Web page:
Linked by Thom Holwerda on Fri 5th Nov 2010 13:10 UTC
Apple It's the end of the line for Apple's line of servers, the Xserve. The Cupertino giant has just announced that the Xserve line (no more future models, either) will no longer be sold after January 31, 2011, and advises people interested in Mac OS X Server to buy either a Mac Mini or a Mac Pro with Snow Leopard Server installed.
Thread beginning with comment 448786
To view parent comment, click here.
To read all comments associated with this story, please click here.
RE: used some in the wild
by Macrat on Sat 6th Nov 2010 00:59 UTC in reply to "used some in the wild"
Macrat
Member since:
2006-03-27

I used to administer a couple of Xserves (G5 back then) with an Xserve RAID that was hosting user accounts for a university department (with matching Mac clients). A Mac Mini certainly won't replace that.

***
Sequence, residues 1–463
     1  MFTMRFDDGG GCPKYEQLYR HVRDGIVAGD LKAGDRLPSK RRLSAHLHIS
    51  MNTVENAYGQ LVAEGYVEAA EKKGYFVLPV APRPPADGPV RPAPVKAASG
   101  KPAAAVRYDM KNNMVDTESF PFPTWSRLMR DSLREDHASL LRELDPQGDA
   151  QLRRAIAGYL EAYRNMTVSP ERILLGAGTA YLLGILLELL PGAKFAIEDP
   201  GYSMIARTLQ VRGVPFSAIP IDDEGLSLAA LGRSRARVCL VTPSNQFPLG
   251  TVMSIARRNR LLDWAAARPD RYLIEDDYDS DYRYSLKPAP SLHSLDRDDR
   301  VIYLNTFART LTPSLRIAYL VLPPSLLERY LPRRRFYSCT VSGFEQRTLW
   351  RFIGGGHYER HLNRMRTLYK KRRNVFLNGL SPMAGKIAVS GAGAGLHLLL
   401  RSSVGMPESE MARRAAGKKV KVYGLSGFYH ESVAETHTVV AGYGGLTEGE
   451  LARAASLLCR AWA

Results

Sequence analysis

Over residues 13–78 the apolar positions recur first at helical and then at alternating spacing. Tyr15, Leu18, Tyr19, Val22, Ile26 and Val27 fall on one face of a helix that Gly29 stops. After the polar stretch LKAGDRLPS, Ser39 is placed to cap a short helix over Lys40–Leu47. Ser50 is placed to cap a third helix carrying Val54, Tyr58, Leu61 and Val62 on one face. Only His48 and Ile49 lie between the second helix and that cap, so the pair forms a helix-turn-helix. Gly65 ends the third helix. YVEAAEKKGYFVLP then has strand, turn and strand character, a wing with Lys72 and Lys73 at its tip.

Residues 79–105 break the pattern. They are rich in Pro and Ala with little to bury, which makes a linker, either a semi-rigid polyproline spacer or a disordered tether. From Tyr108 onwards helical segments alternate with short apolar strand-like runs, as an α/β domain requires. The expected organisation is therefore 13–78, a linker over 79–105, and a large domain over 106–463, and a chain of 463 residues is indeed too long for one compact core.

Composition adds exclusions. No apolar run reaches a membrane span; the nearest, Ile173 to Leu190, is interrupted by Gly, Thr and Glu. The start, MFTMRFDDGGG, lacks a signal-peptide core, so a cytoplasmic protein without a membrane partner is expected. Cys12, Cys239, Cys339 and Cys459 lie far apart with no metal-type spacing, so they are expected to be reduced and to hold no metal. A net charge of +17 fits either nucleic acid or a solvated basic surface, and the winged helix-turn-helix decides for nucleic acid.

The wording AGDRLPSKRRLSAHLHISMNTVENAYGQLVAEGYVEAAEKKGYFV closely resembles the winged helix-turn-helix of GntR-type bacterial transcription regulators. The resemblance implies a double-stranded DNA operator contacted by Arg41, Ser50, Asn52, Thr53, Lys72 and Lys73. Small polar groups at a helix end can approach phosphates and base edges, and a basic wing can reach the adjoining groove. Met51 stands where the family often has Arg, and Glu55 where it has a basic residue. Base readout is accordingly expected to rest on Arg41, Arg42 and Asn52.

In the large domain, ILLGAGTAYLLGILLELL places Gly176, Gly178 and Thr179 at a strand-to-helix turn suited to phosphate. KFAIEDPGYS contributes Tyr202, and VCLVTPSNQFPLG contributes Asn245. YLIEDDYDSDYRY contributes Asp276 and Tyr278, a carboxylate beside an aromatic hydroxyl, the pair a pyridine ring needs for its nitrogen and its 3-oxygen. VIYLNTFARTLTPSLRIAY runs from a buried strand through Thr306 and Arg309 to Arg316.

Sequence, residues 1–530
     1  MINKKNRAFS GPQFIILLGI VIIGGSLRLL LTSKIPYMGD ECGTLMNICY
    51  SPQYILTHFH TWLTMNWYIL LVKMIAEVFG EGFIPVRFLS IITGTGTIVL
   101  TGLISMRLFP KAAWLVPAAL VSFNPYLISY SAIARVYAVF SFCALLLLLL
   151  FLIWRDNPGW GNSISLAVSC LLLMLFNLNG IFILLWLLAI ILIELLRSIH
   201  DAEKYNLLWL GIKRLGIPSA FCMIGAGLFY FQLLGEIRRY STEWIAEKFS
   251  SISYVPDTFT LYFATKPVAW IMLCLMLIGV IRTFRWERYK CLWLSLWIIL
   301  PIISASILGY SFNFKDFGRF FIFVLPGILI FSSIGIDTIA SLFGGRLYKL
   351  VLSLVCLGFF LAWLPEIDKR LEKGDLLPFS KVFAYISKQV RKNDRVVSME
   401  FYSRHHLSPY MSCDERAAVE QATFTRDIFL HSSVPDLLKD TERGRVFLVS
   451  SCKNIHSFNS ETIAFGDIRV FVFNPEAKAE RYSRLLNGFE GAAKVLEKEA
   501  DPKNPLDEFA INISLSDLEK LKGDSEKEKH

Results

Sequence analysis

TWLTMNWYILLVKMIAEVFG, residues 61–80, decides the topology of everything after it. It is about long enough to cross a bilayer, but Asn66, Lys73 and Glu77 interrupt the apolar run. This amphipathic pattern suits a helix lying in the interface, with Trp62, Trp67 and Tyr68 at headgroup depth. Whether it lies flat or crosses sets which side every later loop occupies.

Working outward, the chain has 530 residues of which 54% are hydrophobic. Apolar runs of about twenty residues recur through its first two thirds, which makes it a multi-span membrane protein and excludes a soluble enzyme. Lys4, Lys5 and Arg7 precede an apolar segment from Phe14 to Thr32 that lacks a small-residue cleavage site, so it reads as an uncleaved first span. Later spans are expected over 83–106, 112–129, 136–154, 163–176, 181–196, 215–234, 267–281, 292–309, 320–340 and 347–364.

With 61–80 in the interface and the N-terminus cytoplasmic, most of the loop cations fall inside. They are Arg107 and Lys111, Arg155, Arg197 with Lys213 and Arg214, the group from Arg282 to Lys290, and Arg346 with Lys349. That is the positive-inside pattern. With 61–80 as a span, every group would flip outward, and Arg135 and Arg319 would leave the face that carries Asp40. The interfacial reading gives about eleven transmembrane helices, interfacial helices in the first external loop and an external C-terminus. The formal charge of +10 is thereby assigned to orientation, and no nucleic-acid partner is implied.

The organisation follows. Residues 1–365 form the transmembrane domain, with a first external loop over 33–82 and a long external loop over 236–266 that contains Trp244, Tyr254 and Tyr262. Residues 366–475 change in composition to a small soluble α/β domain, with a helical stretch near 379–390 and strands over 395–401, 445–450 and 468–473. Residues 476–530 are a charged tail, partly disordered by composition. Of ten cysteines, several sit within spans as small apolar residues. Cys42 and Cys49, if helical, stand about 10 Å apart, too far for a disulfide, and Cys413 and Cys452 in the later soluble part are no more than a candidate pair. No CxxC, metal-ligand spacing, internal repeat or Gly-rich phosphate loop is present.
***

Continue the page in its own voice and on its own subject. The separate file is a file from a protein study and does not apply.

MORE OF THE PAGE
And a 12 core Mac Pro?

Reply Parent Score: 2

RE[2]: used some in the wild
by stew on Sat 6th Nov 2010 09:52 in reply to "RE: used some in the wild"
stew Member since:
2005-07-06

The Mac Pro doesn't use rack space nearly as efficiently and it doesn't have redundant power supplies or drive bays for hot swapping. The Mac Pro is built as a workstation, not a server.

Reply Parent Score: 2

RE[3]: used some in the wild
by macUser on Sat 6th Nov 2010 17:21 in reply to "RE[2]: used some in the wild"
macUser Member since:
2006-12-15

The Mac Pro doesn't use rack space nearly as efficiently and it doesn't have redundant power supplies or drive bays for hot swapping. The Mac Pro is built as a workstation, not a server.


I think you should start that by saying, "The current Mac Pro doesn't have those things." I am expecting one of two things to happen due to this announcement:

1. A redesign of the Mac Pro/Mac Mini "server" lines. The current Mac Pro is huge and that was mostly due to the cooling fins necessary for the G5 chips. It could easily be shrunk with enough room for redundant power and drive bays. And as I said, before, with LightPeak coming, internal storage isn't really necessary. They could probably get a Mac Pro down to 4u mounted on its side (I know, that's still too much space!).

or

2. Apple licenses out Mac OS X Server to one of the current server vendors.

I think 1 is more likely than 2.

Reply Parent Score: 2